g(expr). The overhead is an additional get() method call when accessing the
value.
Of course you could delegate attribute access as Alex Martelli did, but this
reminds me too much of C++ STL's auto_ptr

class Assign(object):
def __call__(self, value):
self.value = value
return value
def get(self):
return self.value

#sample usage
g = Assign()
for line in file:
if g(re.match(pat1, line)):
croggle(g.get().group(1), 17)
elif g(re.match(pat2, line)):
x = mugwump(g.get().group(3))
y = wumpus(g.get().group(2))
return defenestrate(x, y+3)
elif g(re.match(pat3, line)):
# do something completely different with groups of g
elif g(re.match(pat4, line)):
# more of the same

Peter
 
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David C. Fox
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Posts: n/a
 
      10-15-2003
Paul Rubin wrote:
> OK, I want to scan a file for lines matching a certain regexp. I'd
> like to use an assignment expression, like
>
> for line in file:
> if (g := re.match(pat, line)):
> croggle(g.group(1))
>
> Since there are no assignment expressions in Python, I have to use a
> temp var. That's a little more messy, but bearable:
>
> for line in file:
> g = re.match(pat, line)
> if g:
> croggle(g.group(1))
>
> It gets annoying when there are 4 different regexps that the line
> might match, and I want to do something different depending on which
> one matches. That's not that uncommon a text scanning situation.
> With assignment expressions, it's a very natural if/elif chain:
>
> for line in file:
> if g := re.match(pat1, line):
> croggle(g.group(1), 17)
> elif g := re.match(pat2, line):
> x = mugwump(g.group(3))
> y = wumpus(g.group(2))
> return defenestrate(x, y+3)
> elif g := re.match(pat3, line):
> # do something completely different with groups of g
> elif g := re.match(pat4, line):
> # more of the same
>
> Without assigment expressions, it gets unspeakably ugly. You have to
> use a deeply nested if/else if sequence where you match the regexp and
> test the result on 2 separate lines at each branch, or reorganize the
> code to use some kind of dispatch table (good if there's a lot more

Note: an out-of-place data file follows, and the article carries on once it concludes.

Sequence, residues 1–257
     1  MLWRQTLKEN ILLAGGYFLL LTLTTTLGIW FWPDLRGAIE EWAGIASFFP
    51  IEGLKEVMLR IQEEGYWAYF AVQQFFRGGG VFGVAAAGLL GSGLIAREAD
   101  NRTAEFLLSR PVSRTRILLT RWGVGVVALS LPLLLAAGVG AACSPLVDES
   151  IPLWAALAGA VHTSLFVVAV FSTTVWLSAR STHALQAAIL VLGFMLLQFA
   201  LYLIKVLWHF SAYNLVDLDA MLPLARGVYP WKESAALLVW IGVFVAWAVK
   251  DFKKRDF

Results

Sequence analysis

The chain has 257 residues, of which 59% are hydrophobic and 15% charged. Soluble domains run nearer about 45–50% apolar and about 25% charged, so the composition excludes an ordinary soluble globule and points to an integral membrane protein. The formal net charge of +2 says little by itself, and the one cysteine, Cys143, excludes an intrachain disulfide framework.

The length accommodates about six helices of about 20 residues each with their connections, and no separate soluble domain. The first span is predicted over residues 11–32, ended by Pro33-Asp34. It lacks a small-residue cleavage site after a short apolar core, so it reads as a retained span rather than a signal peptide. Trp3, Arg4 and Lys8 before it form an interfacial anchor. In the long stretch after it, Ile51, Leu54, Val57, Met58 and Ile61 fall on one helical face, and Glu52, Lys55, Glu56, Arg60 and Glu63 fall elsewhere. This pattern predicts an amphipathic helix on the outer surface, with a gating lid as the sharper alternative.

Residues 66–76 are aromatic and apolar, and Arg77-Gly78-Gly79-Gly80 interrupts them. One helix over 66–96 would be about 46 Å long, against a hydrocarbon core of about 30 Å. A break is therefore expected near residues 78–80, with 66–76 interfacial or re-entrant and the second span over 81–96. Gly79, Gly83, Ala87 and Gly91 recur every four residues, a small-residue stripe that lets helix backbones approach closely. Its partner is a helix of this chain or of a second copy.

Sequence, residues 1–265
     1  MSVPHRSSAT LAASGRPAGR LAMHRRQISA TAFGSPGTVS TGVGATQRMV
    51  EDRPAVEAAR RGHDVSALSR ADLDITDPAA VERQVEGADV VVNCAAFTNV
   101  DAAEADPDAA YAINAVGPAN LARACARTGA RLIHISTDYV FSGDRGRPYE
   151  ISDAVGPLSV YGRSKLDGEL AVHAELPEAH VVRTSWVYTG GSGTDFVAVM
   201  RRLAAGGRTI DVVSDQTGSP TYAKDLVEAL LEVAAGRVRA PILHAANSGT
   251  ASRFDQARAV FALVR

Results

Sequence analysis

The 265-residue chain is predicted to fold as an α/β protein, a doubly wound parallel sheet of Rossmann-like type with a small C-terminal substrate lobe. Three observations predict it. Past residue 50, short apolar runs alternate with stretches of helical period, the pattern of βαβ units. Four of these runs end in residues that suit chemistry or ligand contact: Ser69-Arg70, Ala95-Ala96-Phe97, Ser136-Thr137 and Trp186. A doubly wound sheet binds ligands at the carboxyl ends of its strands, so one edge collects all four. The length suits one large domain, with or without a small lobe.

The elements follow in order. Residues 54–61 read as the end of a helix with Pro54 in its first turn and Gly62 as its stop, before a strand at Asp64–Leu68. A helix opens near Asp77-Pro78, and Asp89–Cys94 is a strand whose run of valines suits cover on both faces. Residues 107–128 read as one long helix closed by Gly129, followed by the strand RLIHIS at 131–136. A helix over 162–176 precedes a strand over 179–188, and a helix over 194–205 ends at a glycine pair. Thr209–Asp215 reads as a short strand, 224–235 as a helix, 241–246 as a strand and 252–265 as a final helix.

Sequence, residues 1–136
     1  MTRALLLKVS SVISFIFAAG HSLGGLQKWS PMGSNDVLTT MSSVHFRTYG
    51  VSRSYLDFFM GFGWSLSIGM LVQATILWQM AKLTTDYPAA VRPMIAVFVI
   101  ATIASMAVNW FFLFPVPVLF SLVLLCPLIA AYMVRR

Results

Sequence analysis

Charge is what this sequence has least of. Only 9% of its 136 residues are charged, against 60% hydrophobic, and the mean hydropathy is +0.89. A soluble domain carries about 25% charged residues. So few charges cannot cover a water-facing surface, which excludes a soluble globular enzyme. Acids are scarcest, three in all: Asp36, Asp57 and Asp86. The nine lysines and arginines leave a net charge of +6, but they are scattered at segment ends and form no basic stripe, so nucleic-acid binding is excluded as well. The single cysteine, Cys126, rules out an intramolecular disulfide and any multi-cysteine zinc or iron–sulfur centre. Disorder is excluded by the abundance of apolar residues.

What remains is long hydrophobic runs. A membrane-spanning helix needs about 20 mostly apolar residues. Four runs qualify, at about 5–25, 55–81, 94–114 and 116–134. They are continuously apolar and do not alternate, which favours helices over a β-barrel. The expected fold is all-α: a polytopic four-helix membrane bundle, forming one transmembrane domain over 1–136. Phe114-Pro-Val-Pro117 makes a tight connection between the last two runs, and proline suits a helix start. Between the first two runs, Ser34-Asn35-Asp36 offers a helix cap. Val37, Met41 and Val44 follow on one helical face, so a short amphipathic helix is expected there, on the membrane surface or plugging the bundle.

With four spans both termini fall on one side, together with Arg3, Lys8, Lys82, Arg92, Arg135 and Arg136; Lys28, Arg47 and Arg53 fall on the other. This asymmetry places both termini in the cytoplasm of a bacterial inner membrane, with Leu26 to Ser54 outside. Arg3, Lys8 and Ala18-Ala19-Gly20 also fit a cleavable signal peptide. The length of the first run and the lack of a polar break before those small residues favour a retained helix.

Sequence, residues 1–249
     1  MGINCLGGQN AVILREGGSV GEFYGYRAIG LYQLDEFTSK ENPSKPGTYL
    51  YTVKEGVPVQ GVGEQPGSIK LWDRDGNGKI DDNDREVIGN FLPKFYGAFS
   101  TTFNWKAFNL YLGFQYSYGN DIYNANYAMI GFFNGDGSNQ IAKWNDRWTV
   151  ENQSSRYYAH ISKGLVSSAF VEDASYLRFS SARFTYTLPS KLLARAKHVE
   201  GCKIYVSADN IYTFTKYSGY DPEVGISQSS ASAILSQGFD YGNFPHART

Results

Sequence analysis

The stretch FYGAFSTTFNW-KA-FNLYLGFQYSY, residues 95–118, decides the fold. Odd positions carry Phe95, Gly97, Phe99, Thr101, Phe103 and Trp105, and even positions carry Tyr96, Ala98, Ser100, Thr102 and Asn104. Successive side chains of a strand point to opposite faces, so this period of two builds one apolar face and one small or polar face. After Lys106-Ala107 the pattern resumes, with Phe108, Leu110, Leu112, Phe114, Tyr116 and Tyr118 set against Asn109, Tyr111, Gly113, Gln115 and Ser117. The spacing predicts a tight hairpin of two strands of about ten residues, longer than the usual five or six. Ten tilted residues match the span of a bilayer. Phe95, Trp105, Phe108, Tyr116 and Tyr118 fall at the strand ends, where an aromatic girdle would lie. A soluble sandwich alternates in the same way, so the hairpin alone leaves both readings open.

> than 4 regexps, but overkill for just 4), or whatever. I ended up
> creating a special class instance just to match a regexp and remember
> the result, so I could write in the if/elif style.
>
> This kind of regexp matching is a common pattern and I keep wanting
> assignment expressions whenever I code it, and end up crocking up some
> silly workaround.


I like Alex's suggestion, but if you really want to do this generically,
and not just for re.match, you can create a generic proxy object
something like this:

class SetTo:
def setto(self, value):
self.__dict__['value'] = value
return value
def __getattr__(self, name):
return getattr(self.value, name)
def __setattr__(self, name, value):
return setattr(self.value, name, value)

Then your example above can be rewritten as

g = SetTo()
for line in file:
if g.setto(re.match(pat1, line)):
croggle(g.group(1), 17)
elif g.setto(re.match(pat2, line)):
x = mugwump(g.group(3))
y = wumpus(g.group(2))
return defenestrate(x, y+3)
elif g.setto(re.match(pat3, line)):
# do something completely different with groups of g
elif g.setto(re.match(pat4, line)):
# more of the same

David

 
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Alex Martelli
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      10-15-2003
David C. Fox wrote:
...
> I like Alex's suggestion, but if you really want to do this generically,
> and not just for re.match, you can create a generic proxy object


Yes, a generic (but more explicit) proxy is the Python Cookbook solution
I mentioned. But in practice I've only used it for re's, so...


Alex